What would you do if your child turned out atheist?

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  1. John Colarusso profile image73
    John Colarussoposted 3 years ago

    What would you do if your child turned out atheist?

    Particularly christian parents or soon to be parents, how would you feel and what woulf you do if your child/children came out to you as atheists. How would this affect your relationship, and how would you treat him or her?


  2. dashingscorpio profile image87
    dashingscorpioposted 3 years ago

    It would be no big deal. Most households aren't centered around religion other than going to church on Sunday. It wouldn't change my love for my child. The primary goal of a parent is to produce a self-reliant law abiding contributing member of society.
    Just because someone is an atheist doesn't mean they don't follow the basic "do unto others as would have the do until you."
    There should not be a religious litmus test for a child to be loved by their parents. Religion shouldn't be (forced) on anyone.

    1. John Colarusso profile image73
      John Colarussoposted 3 years agoin reply to this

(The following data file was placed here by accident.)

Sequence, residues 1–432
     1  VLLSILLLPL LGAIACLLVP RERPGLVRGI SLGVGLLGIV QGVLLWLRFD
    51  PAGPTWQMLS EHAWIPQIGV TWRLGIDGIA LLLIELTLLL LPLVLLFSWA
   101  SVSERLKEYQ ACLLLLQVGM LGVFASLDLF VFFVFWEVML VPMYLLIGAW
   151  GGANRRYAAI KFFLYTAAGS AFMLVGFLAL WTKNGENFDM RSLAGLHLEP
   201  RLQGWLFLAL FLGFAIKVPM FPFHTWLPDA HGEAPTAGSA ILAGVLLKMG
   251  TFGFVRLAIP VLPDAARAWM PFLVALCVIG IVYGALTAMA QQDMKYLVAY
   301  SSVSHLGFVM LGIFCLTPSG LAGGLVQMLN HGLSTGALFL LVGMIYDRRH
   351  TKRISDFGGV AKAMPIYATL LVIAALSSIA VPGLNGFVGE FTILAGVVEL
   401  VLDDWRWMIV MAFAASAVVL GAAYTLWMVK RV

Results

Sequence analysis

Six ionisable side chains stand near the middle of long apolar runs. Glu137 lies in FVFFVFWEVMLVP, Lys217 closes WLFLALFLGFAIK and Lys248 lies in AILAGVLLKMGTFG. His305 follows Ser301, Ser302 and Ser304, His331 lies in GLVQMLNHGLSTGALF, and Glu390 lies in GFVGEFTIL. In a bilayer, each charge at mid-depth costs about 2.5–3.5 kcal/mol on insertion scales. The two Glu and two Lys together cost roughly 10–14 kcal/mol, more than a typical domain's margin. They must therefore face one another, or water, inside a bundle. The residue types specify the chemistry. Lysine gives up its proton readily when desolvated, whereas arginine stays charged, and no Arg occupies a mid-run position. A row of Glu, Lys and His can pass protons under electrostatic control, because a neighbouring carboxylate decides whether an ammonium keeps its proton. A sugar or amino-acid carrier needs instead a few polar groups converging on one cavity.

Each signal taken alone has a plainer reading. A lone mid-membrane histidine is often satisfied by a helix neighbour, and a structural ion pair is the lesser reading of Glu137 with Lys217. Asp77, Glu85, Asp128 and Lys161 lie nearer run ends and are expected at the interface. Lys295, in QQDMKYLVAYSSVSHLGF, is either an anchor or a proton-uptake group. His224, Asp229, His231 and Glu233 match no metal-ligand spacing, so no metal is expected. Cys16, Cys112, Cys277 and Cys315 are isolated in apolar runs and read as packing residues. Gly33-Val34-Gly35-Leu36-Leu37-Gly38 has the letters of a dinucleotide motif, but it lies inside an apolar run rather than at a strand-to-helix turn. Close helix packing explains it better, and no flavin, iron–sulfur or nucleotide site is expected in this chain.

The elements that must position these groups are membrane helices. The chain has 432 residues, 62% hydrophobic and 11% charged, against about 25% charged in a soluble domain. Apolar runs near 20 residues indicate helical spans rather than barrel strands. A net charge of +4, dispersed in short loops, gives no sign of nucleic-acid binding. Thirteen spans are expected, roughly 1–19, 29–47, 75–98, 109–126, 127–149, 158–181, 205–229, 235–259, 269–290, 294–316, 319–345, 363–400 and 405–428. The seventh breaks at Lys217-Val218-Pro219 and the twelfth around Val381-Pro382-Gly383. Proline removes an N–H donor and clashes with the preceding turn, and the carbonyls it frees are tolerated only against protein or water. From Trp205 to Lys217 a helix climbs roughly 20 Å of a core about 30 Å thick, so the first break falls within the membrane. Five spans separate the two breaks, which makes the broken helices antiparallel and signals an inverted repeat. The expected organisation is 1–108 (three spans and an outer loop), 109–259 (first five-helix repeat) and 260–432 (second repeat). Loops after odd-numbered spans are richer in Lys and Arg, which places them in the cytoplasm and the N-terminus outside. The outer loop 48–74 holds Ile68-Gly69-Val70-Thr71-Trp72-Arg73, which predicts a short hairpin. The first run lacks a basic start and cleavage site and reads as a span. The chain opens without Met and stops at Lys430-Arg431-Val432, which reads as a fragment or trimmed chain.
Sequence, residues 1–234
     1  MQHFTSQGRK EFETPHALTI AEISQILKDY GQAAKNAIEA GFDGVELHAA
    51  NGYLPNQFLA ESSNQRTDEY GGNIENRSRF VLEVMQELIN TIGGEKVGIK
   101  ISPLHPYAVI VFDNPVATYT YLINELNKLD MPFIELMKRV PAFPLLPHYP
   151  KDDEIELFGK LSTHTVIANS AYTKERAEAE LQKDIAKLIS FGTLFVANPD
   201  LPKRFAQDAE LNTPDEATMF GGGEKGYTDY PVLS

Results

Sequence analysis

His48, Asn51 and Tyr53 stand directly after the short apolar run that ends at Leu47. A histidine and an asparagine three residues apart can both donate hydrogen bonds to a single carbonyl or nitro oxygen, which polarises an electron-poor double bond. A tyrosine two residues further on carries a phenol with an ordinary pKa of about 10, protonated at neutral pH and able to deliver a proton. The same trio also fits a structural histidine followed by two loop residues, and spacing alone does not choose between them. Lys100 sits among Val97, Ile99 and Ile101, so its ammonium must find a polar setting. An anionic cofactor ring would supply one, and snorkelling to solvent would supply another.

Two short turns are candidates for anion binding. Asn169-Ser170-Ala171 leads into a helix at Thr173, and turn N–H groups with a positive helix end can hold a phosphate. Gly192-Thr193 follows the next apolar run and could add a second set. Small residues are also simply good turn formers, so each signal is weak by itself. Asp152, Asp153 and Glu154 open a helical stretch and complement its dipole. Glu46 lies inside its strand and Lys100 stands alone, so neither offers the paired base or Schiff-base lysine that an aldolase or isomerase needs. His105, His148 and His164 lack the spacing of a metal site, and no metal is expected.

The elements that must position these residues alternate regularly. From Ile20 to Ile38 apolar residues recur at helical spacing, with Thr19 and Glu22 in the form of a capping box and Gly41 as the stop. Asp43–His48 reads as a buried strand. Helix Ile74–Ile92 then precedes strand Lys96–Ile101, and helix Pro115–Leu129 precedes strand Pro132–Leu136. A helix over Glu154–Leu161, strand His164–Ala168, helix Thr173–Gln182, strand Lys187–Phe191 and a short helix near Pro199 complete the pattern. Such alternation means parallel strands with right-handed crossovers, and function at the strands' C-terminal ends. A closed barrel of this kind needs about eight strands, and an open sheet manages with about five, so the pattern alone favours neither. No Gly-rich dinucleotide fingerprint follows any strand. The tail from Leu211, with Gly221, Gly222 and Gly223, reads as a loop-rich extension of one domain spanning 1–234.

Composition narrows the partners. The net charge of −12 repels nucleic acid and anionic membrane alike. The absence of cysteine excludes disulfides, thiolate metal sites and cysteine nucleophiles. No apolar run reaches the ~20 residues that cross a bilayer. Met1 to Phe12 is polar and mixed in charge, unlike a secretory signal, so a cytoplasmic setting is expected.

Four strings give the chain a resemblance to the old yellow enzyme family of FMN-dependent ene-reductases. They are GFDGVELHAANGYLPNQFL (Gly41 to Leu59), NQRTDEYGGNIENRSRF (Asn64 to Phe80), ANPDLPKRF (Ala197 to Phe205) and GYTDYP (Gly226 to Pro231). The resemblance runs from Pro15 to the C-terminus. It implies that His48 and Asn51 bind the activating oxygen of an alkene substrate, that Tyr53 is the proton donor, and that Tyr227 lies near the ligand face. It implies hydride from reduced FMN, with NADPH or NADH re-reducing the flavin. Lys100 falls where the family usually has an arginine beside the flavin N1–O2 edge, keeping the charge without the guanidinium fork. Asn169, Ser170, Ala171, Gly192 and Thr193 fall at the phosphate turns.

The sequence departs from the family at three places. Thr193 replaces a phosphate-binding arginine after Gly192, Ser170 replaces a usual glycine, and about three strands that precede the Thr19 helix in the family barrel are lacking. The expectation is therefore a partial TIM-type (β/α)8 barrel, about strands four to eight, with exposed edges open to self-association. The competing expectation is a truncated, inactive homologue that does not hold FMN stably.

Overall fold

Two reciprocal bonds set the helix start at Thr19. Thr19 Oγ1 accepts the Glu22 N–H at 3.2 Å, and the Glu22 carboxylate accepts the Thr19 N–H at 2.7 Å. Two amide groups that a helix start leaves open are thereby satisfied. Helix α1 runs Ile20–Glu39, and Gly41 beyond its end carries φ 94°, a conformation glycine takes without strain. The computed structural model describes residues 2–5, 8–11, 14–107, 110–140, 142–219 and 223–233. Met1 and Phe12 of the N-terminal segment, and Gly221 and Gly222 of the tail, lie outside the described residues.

Thank you for being rational, I have seen many many times christian families abandon family members simply for their atheism.

  3. aguasilver profile image70
    aguasilverposted 3 years ago

    I would look at my relationship with Yeshua, ask God to tell me where my relationship was in default, because if someone cannot see Yeshua from my actions, words and deeds, then why should they look to Yeshua for their salvation?

    Point is that although my child's decision would distress me, it would hurt God even more, not just MY child, but ANY child (of Gods) who rejects God is a pain to be borne until such time as my prayers and my witness brought Yeshua into their lives.

    However, there is no pain or tears in Heaven, which must mean that when we reach 'home' we will either agree with Gods judgement of those who are not there, or have no recollection of the unsaved and lost.

    Take heart (if your child has declared no faith) for my son was devoid of faith until one day Yeshua reached him through the Holy Spirit, and he came to faith.